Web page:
In the United States, it is common knowledge that children, or “minors”, are people under the age of 18. On the child’s 18th birthday, he or she becomes a legal adult. But guess what – it does not work this way in immigration. For immigration purposes, a “child” is an unmarried person under the age of 21. On the other hand, U.S. immigration law labels a person “son” or “daughter” if they are 21 or older, or in a marriage. So, at 21, your son or daughter may legally enjoy an alcoholic beverage, but they are no longer eligible to be a dependent on your immigration application.
Employers Need to Know
To attract and retain talent, employers will often handle the application process, and cover related fees for employees. Likewise, employers will do the same for the spouse and children of the employee. Most commonly, this scenario is for nonimmigrant visas such as H-1B and L-1B visa. However, employers will also handle the application and costs for permanent residency, otherwise known as a green card. Regardless of the application, for a temporary or permanent stay, employers need to know the ages of the children.
Why is this crucial? It is crucial for several reasons. One, the employee may have to make other arrangements for their children. Perhaps there is a way for the son or daughter to come to the U.S. However, once over the age of 21, they will have to take care of their own application. With that, they may have to pay their own fees. Of course, the parent or company can agree to handle the application and cover the costs. Two, if adult-aged children cannot come to the U.S. or stay in the U.S., will the employee still want to be here? If the answer is no, the employer must decide on a contingency plan. There could be other considerations or concerns for the employer. The point is that the age of the children can impact the company’s immigration strategy.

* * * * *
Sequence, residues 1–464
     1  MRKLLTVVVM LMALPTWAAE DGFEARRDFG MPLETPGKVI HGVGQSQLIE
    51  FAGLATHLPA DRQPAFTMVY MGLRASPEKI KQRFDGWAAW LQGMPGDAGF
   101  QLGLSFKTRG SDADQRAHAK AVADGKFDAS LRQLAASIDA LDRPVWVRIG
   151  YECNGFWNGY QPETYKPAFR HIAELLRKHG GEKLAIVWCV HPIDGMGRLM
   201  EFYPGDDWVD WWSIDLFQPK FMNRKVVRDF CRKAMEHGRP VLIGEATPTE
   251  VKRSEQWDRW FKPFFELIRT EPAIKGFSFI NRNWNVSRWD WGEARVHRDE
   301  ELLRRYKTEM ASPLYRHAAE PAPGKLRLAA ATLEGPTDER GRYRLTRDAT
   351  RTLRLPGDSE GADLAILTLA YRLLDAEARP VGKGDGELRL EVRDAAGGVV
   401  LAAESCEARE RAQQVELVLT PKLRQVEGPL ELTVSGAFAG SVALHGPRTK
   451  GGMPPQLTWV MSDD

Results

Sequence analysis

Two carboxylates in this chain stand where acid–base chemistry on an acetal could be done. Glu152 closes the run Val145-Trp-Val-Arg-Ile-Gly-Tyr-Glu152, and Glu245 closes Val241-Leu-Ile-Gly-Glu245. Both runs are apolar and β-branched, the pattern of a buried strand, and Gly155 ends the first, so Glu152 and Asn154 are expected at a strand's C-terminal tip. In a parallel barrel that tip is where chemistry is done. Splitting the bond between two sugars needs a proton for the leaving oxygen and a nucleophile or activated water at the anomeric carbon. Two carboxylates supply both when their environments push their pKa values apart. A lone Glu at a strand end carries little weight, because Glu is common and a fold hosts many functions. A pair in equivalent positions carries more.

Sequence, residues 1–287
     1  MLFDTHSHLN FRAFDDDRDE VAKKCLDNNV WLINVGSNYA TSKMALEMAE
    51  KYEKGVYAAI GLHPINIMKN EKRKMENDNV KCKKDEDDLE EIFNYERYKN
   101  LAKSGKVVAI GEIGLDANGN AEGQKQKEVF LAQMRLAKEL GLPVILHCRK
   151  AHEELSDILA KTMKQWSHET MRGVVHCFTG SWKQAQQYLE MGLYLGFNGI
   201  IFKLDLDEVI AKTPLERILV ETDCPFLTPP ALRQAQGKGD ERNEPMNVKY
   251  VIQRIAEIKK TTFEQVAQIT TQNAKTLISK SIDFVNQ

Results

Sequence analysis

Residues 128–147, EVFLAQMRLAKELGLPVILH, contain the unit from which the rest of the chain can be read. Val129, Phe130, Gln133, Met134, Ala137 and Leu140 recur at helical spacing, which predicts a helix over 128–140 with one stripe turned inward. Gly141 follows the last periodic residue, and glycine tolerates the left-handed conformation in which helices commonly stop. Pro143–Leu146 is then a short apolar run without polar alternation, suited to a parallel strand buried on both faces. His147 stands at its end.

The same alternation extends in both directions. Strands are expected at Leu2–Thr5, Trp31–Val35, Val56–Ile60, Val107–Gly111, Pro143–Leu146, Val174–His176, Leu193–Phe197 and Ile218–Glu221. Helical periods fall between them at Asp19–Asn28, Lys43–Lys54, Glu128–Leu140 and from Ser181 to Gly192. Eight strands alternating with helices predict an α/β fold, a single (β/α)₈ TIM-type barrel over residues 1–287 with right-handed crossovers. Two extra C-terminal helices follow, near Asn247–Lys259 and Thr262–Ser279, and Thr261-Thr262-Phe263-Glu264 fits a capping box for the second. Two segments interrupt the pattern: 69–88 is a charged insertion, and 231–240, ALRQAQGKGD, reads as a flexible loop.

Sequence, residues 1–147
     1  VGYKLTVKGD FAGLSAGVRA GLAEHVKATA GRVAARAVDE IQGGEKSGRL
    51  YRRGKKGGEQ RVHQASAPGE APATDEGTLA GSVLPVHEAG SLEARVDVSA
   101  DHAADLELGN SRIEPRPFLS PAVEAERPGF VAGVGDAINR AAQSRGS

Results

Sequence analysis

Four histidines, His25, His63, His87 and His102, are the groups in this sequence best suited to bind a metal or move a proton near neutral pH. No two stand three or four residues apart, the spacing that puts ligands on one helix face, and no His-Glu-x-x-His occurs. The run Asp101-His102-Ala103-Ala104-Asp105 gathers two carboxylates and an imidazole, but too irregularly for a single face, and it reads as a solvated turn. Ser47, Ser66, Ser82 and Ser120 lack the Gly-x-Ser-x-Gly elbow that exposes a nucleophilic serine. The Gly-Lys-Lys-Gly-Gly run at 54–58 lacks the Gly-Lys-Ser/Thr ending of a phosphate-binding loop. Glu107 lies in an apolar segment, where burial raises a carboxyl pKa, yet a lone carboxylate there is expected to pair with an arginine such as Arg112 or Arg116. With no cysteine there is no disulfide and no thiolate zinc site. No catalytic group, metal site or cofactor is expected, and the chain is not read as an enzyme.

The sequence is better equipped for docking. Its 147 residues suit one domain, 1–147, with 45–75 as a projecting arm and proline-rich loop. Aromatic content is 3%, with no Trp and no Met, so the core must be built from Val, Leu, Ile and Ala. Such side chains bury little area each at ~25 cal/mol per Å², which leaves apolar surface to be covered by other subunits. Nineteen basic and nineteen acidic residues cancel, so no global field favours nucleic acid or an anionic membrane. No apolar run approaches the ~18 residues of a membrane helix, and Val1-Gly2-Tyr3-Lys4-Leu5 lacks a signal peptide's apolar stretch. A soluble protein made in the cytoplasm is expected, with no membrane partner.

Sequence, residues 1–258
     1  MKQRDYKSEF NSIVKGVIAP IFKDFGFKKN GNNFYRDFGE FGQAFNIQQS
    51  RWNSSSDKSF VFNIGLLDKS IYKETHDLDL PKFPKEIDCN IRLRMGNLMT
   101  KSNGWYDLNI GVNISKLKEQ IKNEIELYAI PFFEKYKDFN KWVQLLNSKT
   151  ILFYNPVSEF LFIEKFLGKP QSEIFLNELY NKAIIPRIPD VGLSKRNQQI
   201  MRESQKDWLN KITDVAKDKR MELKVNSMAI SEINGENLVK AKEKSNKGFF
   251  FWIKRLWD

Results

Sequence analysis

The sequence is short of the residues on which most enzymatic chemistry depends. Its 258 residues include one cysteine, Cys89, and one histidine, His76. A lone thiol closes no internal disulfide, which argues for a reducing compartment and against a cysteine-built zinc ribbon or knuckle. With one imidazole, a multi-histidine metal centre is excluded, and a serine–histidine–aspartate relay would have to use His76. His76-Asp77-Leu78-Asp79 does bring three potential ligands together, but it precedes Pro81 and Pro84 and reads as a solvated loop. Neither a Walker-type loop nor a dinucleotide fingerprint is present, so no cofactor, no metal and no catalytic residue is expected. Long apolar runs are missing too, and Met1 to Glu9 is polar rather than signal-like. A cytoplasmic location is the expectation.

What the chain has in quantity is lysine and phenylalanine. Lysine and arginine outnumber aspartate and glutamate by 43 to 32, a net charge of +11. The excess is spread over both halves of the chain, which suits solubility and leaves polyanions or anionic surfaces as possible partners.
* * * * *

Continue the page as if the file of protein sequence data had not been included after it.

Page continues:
The age of an employee’s dependent children is only one item to think about in your overall corporate immigration strategy. If you want to discuss your strategy or have other immigration law concerns call, or email us.